Many opponents of the ‘Assisted Dying Bill’ have warned of the danger the disabled, terminally ill, elderly or otherwise vulnerable will face from being pressurized into requesting the termination of their lives; I agree. Yet the implications could spread further, for as more and more people opt to have their life ended on the basis that it is no longer worth living, it would be naïve not to expect a shift in the normative understanding of when life is worthwhile.

Furthermore, the sufferings of those who the ‘Assisted Dying Bill’ is designed for, agony, permanent inconvenience, loss of dignity and incapacitation, have been experienced by many for all or most of their lives. People whose daily lifelong struggle for dignity and respect will be diminished as both the law and the growing consensus of society deem their existence to be one not worth living; people who until very recently have been denied full rights, even full humanity. This links us back to Biopower – there have been other examples from history of state and society conforming around the idea that some lives are not as worthwhile. None of these have been pretty.

I am actually normally quite dismissive of ‘slippery slope’ arguments, usually the tired first resort of conservatives. However, in countries where euthanasia in some form has already been legalized the ‘slippery slope’ is beginning to be empirically observable. Let’s take Belgium as our example: last year Nathan Verhelst (born Nancy) was euthanized on the basis of being unhappy with his gender and the results of multiple sex-change operations. This is an example of how, just ten years after Belgium introduced laws for very limited and specific circumstances similar to Lord Falconer’s Bill, the scope of when it is acceptable to carry out euthanasia has already been expanded greatly, to now include dissatisfaction with gender.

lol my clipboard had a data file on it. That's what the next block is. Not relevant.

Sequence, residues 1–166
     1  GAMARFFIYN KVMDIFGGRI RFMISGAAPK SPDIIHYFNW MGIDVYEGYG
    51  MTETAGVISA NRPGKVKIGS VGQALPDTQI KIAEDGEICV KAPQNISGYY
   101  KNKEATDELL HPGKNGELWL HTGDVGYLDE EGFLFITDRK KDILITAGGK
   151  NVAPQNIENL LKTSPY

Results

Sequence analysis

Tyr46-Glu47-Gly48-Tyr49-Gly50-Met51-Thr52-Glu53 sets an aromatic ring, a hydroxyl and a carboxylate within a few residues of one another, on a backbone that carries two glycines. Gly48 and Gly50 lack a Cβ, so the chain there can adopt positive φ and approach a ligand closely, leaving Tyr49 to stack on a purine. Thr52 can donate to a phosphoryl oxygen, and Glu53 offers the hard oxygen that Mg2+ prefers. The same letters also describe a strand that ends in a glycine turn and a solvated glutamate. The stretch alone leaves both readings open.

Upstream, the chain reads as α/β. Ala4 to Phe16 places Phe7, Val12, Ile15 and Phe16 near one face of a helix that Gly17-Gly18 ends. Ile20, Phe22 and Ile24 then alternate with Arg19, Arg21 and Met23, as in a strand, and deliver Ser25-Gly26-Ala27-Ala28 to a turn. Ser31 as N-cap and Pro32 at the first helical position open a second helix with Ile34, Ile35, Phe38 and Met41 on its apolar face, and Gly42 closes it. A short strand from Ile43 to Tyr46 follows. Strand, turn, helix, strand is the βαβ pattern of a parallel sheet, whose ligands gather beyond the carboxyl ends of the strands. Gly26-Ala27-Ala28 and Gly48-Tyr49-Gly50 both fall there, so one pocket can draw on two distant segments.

Earlier this year Belgium changed the law to remove any age restriction on assisted dying, legalizing child euthanasia. Defendants of child euthanasia argue that it will save children who are terminally or permanently ill from lifelong suffering, but it also removes two of the key reasons proponents of euthanasia give for the practice more widely: choice and autonomy. Either because the children, if allowed to make the decision themselves, are not considered legally autonomous in other far less profound areas of judgement, or if it is a decision made by the parents and/or doctors because they are being denied the choice over whether or not, in spite of everything they want to pursue their own future. Child euthanasia may seem humane at the time, but many of us know people who have experienced severe, apparently terminal illness as children and gone on, despite expectation and odds, to live fantastic, fulfilling lives that would not have been thought possible. Many of us have experienced this ourselves. Attempts have also been made and only narrowly defeated to introduce euthanasia for the mentally ill, and in Holland for everybody over the age of 70 regardless of health. These developments show that in a relatively short period after the legalization of euthanasia the boundaries are already beginning to be altered and corroded.

I sincerely hope I am wrong; that these fears can indeed be dismissed as reactionary and melodramatic. But it is the dismissive, reductionist and over-simplifying attitude of the euthanasia vanguard that gives me greatest cause for concern.  If you are a supporter of euthanasia I hope that even if these arguments above haven’t changed your mind they have at least given you cause to reflect on the complexity of the issues as stake. Above all we need the humility to accept the brutal truth: euthanasia or no euthanasia, there will still be suffering.